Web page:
Online giant Amazon is considering using drone aircraft for deliveries in the US.
It is developing a "Prime Air" unmanned aircraft project but says it will take years to advance the technology and for the US aviation authorities to create the necessary rules and regulations.
Amazon chief executive Jeff Bezos said that while the mini copters look like science fiction, there is no reason they cannot be used as delivery vehicles.
He said they can carry parcels up to 5lbs, which covers almost 90% of the items Amazon delivers. The drones have a range of about 10 miles which he said could cover a significant portion of the urban population.
One of the biggest promises for civilian drone use has been in agriculture.
The unmanned aircraft can fly over large fields and search out bugs, rodents and other animals that might harm crops. Then, using GPS, another drone could spread pesticide on that small area of the field.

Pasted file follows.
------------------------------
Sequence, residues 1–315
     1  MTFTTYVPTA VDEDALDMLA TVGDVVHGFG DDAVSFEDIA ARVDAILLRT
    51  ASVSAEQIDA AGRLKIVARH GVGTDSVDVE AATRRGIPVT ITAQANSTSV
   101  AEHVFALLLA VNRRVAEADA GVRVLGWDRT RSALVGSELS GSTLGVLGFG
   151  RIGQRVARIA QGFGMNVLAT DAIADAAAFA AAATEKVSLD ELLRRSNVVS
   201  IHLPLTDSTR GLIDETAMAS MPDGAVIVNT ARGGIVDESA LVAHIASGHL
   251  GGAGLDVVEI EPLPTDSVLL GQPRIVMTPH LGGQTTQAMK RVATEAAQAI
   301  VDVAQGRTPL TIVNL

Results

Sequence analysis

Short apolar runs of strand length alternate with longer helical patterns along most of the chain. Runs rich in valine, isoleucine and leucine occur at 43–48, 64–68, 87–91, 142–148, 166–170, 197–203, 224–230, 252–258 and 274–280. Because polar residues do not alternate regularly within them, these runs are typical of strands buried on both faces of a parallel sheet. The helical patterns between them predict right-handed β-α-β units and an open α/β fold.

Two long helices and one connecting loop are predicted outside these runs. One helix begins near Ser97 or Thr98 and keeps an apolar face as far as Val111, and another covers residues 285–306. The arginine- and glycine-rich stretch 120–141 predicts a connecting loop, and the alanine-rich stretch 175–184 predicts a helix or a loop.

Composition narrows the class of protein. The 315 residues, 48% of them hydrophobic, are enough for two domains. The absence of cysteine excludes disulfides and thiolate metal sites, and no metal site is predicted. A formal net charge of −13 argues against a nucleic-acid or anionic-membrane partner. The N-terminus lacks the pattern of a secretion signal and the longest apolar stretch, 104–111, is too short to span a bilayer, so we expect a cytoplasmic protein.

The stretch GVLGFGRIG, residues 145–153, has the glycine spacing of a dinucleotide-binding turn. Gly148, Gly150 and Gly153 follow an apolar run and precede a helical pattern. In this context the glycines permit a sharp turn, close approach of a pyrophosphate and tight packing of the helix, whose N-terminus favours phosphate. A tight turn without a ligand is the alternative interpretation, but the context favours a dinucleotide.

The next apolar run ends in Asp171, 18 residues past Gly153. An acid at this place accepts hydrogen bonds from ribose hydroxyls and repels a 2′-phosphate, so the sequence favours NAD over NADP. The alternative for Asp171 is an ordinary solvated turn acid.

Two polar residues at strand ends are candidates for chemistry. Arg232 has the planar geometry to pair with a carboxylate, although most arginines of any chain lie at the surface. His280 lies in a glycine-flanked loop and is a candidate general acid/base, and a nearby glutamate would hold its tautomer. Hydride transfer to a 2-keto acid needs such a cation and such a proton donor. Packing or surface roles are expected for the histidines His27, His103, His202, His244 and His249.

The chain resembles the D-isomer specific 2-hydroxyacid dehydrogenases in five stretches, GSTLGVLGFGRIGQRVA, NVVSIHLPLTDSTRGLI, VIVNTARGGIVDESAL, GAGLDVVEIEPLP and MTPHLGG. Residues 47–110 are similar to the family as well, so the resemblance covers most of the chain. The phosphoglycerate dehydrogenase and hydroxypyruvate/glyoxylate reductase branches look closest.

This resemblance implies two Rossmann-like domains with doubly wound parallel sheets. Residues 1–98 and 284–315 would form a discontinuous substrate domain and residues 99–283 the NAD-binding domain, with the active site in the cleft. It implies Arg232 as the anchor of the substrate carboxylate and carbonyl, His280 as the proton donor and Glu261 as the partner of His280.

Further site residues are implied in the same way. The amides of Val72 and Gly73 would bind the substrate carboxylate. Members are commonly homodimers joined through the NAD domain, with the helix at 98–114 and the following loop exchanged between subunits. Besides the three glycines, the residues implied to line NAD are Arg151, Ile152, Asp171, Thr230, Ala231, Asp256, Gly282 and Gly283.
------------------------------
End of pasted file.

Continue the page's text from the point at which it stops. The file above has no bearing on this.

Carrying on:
Agriculture is also seen as the most-promising use because of the industry's largely unpopulated, wide open spaces. Delivering Amazon packages in central Manhattan will be much trickier.
Besides regulatory approval, Amazon's biggest challenge will be to develop a collision avoidance system, said Darryl Jenkins, a consultant who specialises in drones.
He said key questions included who is to blame if the drone hits a bird, crashes into a building? And who is going to insure the deliveries?
There are also technical questions. Who will recharge the drone batteries? How many deliveries can the machines make before needing service?
"Jeff Bezos might be the single person in the universe who could make something like this happen," Mr Jenkins said. "For what it worth, this is a guy who's totally changed retailing."